Soma Papua New Guinea and Guatemala Dark Chocolate Reviewed
People who make chocolate and people who make chocolates are radically different – but Soma Chocolatemakers happens to be both. People who make chocolate select their beans carefully, clean them, roast them, crack and winnow them, take the nibs and refine them before conching which then can lead to tempering and the production of a chocolate bar. People who make chocolates take coverture which is either fully tempered or not and make ganaches, shells, etc from that chocolate and semm those finished chocolates but do not normally go from bean to bar – except for Hotel Chocolat, Soma and Pierre Marcolini as far as I am aware.
Soma is awesome, and not just because they hail from my native Toronto and give me these lovely chocolate bars which I have subsequently shared with fellow bloggers. It is because the genuine passion they have for chocolate married with the passion they have for technical geekery with the equipment means they create some of the world’s best chocolate.
This pair of bars was part of a large bag gifted to me by Cynthia who runs Soma with her husband David. They have taken Soma from a small chocolate shop making chocolate in front of everyone’s eyes to a pair of larger shops, making chocolate and chocolates in front of everyone’s eyes. These bars are from my personal least favourite regions but I know people who would tear my hand off to grab this chocolate from it, so much do they love PNG or Guatemala origin chocolate.
Guatemala – this single origin bar comes from Cahabon which lies in the Alta Verapaz mountain chain of Guatemala. The people in the co-op that grow these beans are from the indigenous tribe Kekchi Maya who have consumed cocoa in drink form for thousands of years. The tasting notes for this chocolate are that it is earthy with lime and I absolutely agree. There is this rich fudgy chocolate flavour that transports that earthiness with it. The nose hints at a nuttiness, making me cringe but no.. the flavours are elsewhere. For a moment you are almost fooled in to thinking it is bitter but it isn’t – it’s this rich deep flavour of earth and chocolate. There is an edge of the lime – like someone accidentally peeled a lime near the chocolate – it is zingy and clear but part of the whole experience. It is unchallenging – so less like an experimental jazz band in your mouth and more like a string quartet – each instrument almost indistinguishable from the rest. If you like dark but not bitter chocolate, this 70% bar is for you.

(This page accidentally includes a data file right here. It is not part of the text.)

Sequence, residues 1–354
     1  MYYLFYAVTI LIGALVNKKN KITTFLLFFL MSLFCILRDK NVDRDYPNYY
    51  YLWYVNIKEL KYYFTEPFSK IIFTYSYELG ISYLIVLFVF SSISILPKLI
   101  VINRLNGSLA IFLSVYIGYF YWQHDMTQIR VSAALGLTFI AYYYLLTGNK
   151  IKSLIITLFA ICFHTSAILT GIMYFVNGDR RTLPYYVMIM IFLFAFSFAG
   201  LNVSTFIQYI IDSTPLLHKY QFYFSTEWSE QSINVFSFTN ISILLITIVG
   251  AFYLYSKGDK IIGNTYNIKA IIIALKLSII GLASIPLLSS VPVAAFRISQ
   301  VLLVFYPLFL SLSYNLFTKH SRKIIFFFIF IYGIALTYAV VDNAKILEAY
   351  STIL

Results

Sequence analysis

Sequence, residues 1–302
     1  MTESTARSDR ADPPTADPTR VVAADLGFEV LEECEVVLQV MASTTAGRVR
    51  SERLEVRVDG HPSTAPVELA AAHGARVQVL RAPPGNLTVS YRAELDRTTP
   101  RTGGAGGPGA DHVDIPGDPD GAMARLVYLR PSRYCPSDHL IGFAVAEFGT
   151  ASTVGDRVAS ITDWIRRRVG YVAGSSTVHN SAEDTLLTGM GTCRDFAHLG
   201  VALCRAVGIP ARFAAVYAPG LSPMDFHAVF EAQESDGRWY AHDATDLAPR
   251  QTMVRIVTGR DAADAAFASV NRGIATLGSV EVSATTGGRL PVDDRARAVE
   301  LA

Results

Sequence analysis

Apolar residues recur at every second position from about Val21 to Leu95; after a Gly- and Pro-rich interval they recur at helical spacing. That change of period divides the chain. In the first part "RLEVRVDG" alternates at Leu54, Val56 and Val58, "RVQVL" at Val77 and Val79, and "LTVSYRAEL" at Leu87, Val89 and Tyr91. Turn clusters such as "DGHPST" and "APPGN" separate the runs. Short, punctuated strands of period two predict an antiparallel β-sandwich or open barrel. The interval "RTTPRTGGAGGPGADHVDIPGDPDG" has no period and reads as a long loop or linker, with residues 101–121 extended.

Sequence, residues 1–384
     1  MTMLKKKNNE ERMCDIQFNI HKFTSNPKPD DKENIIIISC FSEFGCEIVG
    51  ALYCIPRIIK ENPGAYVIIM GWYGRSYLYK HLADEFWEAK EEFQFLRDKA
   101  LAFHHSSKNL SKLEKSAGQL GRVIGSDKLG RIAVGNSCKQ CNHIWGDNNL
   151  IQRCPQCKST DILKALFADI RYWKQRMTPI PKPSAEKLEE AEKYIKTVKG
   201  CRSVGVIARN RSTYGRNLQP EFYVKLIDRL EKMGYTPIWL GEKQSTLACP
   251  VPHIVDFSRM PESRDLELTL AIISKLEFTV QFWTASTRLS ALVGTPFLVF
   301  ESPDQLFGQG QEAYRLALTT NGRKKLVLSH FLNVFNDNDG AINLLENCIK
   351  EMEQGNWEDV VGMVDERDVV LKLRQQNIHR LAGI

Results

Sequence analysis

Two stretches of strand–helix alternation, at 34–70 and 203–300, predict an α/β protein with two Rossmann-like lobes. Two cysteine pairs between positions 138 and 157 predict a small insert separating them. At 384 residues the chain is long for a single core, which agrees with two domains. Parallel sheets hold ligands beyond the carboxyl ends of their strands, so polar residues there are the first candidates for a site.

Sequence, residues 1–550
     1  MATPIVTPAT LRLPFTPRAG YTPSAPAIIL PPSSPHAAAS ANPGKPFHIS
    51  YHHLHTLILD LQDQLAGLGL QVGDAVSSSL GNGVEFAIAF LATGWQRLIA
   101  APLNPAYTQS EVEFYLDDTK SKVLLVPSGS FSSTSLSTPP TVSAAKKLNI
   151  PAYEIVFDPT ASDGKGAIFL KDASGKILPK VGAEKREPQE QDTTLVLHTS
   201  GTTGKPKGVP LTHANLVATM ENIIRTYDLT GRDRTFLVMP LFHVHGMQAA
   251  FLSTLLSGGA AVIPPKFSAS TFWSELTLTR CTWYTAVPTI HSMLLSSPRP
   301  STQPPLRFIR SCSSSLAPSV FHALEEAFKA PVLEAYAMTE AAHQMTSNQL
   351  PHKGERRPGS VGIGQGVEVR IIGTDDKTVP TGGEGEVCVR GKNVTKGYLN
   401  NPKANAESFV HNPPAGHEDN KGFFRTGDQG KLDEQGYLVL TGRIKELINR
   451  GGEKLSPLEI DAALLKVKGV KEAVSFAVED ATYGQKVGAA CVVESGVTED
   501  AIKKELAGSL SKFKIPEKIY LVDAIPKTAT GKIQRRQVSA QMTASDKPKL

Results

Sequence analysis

Papua New Guinea – apparently “flavour grade” Trinitario beans were introduced to Papua New Guinea (PNG) by German settlers in the late nineteenth century. This chocolate has an extreme fruity acidity in the middle after wowing you at the start with a hint of leather and the most subtly smokiness ever in any PNG chocolate in the history of forever. Normally I pass on PNG chocolate because it is too smoky and I don’t like that in my chocolate or whisky but it is also that very quality that makes it pair with so many whiskies. This PNG is subtle – from the nose to the palate, it is almost like there was no added smoke. It has a delicate smokiness and you know it is there but it is a supporting act to the slightly fruity, acidic chocolate. The main flavour is if the chocolate with strong deep notes of just chocolate and the additional flavours skirt around the edge, like wallflowers at a party. Absolutely masterful.
While I am a fan of Soma and so it might be argued I exaggerate their awesomeness, I genuinely don’t and I encourage you to discover their chocolates. Whether you drop in to one of their 2 locations (I love the King St location but you get more funny people watching done in the Distillery District) or order their bars online (ring them or send them an email), Soma is worth every penny you spend. I strongly encourage you to try any of their bars.